Second, they exhibit an obsession with their own ideas. At this stage, ideas are rare and hard to come by for the Level 1. Typically, their solutions are complex, under-thought and under-justified. It is quite common to see solutions that are essentially kitchen sinks that "solve" multiple problems at the same time. Achieving novelty with a simple and elegant solution is hard: you really have to invent something new. Creating something novel by gluing together disparate components is almost trivial. For instance, in a world where the only rain protection consists of hats, inventing an umbrella would be the next best invention, but requires intellectual prowess that a Level 1 simply lacks. It's much easier to invent a novel hat, incorporating a propeller, a wide brim, and a feather on top. Because no one has done that before, it's automatically novel. Crucially, its weaknesses cannot be readily discovered by other lazy Level 1s by simple googling. Too wet? It has a wide brim. Too hot? Propeller fixes that. What's the weird feather for and why didn't you design something simpler? Ah, but you see, the wide brimmed hats for sale never anticipated the needs of my particular hat usage, and you're a dummy if you don't see why the feather is absolutely essential.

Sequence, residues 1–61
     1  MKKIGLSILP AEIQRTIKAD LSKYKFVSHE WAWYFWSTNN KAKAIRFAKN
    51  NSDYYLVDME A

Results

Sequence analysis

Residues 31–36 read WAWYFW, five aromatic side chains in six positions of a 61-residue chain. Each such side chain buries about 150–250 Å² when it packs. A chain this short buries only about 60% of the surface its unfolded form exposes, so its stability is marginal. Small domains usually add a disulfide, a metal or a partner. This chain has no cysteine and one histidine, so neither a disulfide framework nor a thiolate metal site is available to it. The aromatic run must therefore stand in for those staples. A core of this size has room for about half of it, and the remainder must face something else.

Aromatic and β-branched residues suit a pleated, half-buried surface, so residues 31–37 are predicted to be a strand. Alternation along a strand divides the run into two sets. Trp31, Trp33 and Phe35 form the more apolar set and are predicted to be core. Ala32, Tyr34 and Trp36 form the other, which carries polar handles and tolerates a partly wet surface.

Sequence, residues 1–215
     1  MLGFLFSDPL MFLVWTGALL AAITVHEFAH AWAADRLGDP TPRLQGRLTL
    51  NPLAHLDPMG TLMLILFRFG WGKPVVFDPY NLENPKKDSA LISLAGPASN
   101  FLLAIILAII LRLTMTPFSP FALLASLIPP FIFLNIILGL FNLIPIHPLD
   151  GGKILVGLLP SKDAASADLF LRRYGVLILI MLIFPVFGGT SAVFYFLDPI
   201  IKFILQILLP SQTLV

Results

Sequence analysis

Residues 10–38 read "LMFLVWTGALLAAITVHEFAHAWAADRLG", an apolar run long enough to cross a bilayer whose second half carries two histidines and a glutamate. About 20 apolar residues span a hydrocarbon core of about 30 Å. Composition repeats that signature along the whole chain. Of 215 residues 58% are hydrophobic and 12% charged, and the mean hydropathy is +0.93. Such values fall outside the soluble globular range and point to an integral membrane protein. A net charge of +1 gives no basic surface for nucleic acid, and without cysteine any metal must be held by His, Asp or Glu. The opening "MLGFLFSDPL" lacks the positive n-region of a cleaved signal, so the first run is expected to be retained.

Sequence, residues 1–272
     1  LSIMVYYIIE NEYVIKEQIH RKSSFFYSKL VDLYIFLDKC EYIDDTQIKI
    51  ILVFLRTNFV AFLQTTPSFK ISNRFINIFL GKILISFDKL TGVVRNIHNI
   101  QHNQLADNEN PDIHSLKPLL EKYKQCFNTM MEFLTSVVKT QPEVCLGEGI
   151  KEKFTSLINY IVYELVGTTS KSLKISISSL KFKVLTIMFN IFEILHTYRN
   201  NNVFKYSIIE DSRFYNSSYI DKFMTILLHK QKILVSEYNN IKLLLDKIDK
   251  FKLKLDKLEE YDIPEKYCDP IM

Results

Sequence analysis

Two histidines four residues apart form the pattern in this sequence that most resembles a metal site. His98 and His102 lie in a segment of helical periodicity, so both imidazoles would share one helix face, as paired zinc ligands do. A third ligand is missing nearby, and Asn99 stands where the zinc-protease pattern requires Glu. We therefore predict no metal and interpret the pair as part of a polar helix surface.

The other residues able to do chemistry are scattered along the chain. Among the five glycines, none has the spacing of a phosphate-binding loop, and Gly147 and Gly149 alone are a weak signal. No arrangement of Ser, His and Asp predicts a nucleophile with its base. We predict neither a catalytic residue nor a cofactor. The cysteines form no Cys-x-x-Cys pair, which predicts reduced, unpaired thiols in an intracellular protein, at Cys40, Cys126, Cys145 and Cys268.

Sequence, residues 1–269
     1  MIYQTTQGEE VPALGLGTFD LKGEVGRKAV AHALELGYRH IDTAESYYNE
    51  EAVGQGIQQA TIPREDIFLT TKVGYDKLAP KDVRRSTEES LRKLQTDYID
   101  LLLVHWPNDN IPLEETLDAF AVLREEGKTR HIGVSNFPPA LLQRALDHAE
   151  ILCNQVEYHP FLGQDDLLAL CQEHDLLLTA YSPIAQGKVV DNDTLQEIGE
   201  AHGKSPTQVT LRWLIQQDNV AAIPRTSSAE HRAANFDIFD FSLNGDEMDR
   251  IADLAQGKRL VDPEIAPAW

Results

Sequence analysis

Finally, in my experience, Level 1s have few ideas, but what few ideas they have, they repeat over and over again. People say that when you have a hammer, everything looks like a nail. I don't know if that's universally true, but what I have seen is that, to a blacksmith's apprentice who worked so hard to forge that first hammer, everyone else's hammers look totally inferior.
Level 1 half-experts often develop narratives to justify their destructive behavior. One narrative is that whatever they are working on is too important, too exceptional, too precious. This is wrong, of course, unless they are working on nuclear launch systems, but then again, Level 1's are never allowed to work on nuclear launch systems. I've met people who worked on (non-nuclear) launch systems, as well as many people who worked on systems that actually serve about a billion people. None of these experts had 1/100th the hubris of a half-expert. Another narrative, commonly used by Level 1s in industry, is to justify destructive behavior by citing their business concerns. Somehow, especially in the US, bad businesspeople firmly believe that "all is fair in business" or "it's just business," as if those words could ever provide an adequate basis for destructive behavior.